Five Real Alternatives to Seeing Yourself Negatively

Morgan Harper Nichols: “you are allowed to be free from what anyone else has said about you. even the things you have said about yourself.”

You’re allowed to be free from seeing yourself in terms of your past missteps too. Make amends if you’ve hurt someone (and let them have their own evaluation), but don’t hold in your self-concept that you’re doomed to do it again. Tomorrow will be a new you who might do things differently.

Janina Scarlet: “Perhaps someone who believes that they are a “loser” really values success and determination and someone who believes that they are a “bad parent” may deeply care about their children.”

You know the saying about courage being feeling the fear and doing it anyway? There’s virtue in aiming for your ideals even when they’re a struggle for you. We don’t always understand what makes something easy for someone else.

Maxwell Maltz: “There’s room for differences of opinion about you too! If you hold an opinion of yourself that is limiting and inhibiting, try to step out and examine yourself as an outside analyst, then advocate the opposing opinion. The most adept debators can take either side of an argument and win.”
Is there anyone in your life or your imagination you can imagine arguing in your favor?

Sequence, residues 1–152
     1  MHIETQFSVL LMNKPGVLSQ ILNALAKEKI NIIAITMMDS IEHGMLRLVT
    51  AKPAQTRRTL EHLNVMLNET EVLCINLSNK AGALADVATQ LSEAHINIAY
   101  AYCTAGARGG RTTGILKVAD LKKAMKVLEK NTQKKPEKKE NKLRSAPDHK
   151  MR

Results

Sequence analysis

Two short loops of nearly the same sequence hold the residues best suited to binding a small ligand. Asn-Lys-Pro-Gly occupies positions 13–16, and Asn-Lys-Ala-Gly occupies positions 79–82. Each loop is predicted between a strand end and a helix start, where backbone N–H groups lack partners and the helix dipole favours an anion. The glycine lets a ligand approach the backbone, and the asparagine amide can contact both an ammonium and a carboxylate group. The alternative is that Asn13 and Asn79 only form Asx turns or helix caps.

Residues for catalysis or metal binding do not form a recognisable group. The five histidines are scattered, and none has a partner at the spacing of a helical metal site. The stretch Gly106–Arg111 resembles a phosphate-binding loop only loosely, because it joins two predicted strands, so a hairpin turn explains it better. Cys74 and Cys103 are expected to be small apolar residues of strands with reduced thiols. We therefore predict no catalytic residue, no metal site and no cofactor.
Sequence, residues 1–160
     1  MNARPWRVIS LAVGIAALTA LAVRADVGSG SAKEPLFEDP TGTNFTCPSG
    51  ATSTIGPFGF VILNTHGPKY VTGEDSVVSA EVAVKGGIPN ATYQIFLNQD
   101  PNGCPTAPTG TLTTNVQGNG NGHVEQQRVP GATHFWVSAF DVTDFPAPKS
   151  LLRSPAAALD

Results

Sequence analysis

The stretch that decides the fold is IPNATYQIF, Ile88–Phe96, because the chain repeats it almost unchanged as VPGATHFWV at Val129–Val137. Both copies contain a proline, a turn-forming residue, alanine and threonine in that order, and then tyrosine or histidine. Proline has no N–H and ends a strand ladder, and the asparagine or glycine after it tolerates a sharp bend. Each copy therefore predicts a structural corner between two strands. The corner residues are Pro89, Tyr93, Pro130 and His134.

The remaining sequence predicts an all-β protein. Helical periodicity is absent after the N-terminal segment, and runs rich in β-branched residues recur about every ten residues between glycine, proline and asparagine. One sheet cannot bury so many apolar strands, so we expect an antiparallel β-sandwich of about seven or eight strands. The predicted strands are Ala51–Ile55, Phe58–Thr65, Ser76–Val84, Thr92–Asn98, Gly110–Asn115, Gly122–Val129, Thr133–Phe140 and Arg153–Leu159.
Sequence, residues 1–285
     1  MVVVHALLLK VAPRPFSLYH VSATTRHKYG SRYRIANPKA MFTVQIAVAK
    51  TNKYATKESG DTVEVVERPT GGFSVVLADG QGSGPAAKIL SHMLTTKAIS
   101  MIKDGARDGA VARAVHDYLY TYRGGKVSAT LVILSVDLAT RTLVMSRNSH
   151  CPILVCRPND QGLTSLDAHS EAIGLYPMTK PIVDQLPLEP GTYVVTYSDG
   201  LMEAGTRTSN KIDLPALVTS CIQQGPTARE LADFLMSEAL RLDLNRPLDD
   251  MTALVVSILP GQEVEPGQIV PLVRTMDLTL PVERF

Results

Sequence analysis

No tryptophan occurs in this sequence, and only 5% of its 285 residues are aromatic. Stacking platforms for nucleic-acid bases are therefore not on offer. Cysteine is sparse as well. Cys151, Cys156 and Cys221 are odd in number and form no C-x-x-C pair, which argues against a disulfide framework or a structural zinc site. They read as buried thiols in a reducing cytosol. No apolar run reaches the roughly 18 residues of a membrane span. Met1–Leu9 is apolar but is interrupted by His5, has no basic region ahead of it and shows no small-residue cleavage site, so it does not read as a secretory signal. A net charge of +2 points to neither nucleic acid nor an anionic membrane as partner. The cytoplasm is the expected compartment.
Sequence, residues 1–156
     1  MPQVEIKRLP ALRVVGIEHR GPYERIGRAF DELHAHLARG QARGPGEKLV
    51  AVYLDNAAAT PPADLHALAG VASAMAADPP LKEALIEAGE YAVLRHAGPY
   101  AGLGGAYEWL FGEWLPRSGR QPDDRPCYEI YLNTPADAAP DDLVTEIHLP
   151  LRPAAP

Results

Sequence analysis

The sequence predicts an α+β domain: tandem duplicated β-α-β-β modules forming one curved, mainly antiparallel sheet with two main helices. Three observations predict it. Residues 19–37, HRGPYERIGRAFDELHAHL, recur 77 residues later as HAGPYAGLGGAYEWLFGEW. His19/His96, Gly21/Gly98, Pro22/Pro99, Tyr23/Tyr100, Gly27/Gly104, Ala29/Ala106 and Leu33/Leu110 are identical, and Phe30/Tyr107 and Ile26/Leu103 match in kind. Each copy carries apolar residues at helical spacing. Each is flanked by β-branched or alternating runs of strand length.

Tom Condon: “Consider, for example, the following instances of how a therapist might respond to a client’s stated complaint, “I procrastinate too much.”

(a) “That’s good. Procrastination is a form of caution, after all, and if you’re cautious about taking action, it really means that you care about spending your time and energy in the most effective way possible.”

(b) “That’s good! Think of how many rash, impulsive actions and awful situations you’ve avoided down through the years!”

(c) “That’s interesting. I once looked up the original meaning of the word. It means ‘that which is to come tomorrow.’ So to procrastinate is not to try to do something today that, properly speaking, you really have no business even attempting until tomorrow.”

(d) “How much time do you have left to live?”

Even if a negative quality you see in yourself did last all your life (and it might not!), what else could you achieve or be? For example, what if you were “a failure” who was sweet and funny and beloved and didn’t let failing stop you from trying new things? (I know, you can’t control being beloved. I’m just saying, it could happen.)
How could you embody the high side of a trait you hate? For example, what if you were “a failure” who was humble, wise, and serene, and whose failings made him gentle and understanding?

Go to Part 4: Fill the Emptiness with Love (Ways to Build Relationships and Be Likable When You’re Struggling and Not Feeling It)